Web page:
Meh, DonnyC is alright. Sure he gives it to Andy a bit, but then Andy has argued in front of Supreme Courts - I'm sure he can handle it. Frankly I think that the website has so few editors as it is we shouldn't be scaring people away all the time. I do think that the atmosphere has changed here significantly since July 2012 and there is no need to give infinite bans for this sort of thing. A couple of days and a warning to try to be a bit more constructive in future is the way to go. --DamianJohn 23:45, 15 February 2013 (EST)
Yes Damian. Agreed. AlanE 00:06, 16 February 2013 (EST)
In my opinion he's an incessant troll and who's done enough to earn a lifetime ban. But I'll let Andy decide on this issue. - Markman 01:48, 16 February 2013 (EST)
Either way it is good to see you again. I hope everything is well despite your 8 month absence? --DamianJohn 02:58, 16 February 2013 (EST)

Template:ImageCount

Dear Mr. Schlafly,

Please see my comment regarding the above template at Template talk:ImageCount#This template is duplicative of a MediaWiki magic word. Thanks, GregG 19:25, 16 February 2013 (EST)

Excellent suggestion. I just deleted the file as being redundant.--Andy Schlafly 20:02, 16 February 2013 (EST)
Thanks. I'll keep an eye out for any other redundant templates (it's amazing how much programming capability is available through MediaWiki keywords and template transclusion). GregG 20:12, 16 February 2013 (EST)

Rollback

Hi, would it be possible for you to give me rollback privileges? It would make cleaning up after the vandals a lot easier. Cheers, Dvergne 03:31, 17 February 2013 (EST)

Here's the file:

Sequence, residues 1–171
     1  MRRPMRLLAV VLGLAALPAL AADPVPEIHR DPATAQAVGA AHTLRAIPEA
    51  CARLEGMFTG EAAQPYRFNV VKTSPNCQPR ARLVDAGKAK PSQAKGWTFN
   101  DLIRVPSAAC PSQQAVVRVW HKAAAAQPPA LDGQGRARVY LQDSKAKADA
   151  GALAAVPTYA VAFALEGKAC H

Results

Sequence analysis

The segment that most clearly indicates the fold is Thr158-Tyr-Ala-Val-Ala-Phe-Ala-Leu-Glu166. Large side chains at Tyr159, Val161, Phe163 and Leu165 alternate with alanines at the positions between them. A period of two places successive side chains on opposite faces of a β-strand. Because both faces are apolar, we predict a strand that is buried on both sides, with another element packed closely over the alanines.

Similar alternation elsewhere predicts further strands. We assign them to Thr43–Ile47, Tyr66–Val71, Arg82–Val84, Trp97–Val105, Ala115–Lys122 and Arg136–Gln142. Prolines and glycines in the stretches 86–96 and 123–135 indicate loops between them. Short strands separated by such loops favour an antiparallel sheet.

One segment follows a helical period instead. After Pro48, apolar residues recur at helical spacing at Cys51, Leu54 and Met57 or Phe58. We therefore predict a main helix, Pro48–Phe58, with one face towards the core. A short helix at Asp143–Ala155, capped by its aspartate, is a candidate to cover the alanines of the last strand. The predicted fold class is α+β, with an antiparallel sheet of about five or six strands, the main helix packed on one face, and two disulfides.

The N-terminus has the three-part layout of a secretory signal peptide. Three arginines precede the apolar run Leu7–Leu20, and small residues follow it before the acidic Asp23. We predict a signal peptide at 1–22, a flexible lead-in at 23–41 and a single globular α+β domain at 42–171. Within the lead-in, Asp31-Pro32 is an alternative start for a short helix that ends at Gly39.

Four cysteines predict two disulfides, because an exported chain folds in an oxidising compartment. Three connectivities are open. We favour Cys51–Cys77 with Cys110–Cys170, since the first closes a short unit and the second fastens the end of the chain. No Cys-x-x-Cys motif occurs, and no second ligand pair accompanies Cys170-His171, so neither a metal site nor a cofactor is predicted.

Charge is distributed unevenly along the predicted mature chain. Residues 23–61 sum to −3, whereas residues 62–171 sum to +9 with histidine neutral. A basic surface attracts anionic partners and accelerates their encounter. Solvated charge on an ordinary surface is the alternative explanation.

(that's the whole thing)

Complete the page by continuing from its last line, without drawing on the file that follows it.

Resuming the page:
Video games: the bigger picture?

Hi Andy,

I've been giving this subject a lot of thought lately, and I wanted to get your opinion. It seems to me that criticism of the detrimental effects of violent video games, while valid, is insufficient. I think it's entirely possible to draw a causal link between video games and other negative consequences, as well.

Children today are spending an ever-increasing percentage of their free time playing video games. As the games become more complex and more elaborate, they demand more and more of an investment of time. The advent of application-based games that can be played from smartphones has increased this total further still.

While a few of these games may have educational value, I don't think anyone would seriously argue the point that the chaff far outweighs the wheat; for every video game with beneficial content, there are likely a dozen mindless shoot-em-ups. Moreover, the amount of time being spent on such games is alarming, regardless of their content, because it presents a cost-of-opportunity problem.

We lament the appalling lack of knowledge in students today. Most particularly, their lack of cultural capital is alarming; many young people are almost wholly ignorant of the thoughts and works which underpin our culture and society. This isn't simply a case of, say, not remembering whether the Sermon on the Mount is in Matthew or Mark; it's a matter of not recognizing the names Adam and Eve.

How was it that children three generations ago could be reasonably expected to know such things, whereas children today do not? I would suggest that at least part of the problem is that, even though children today have large amounts of free time, that free time is not infinite. Time that was spent in the past on reading the Bible and other foundational works critical to our culture is now spent on video games and other electronic media.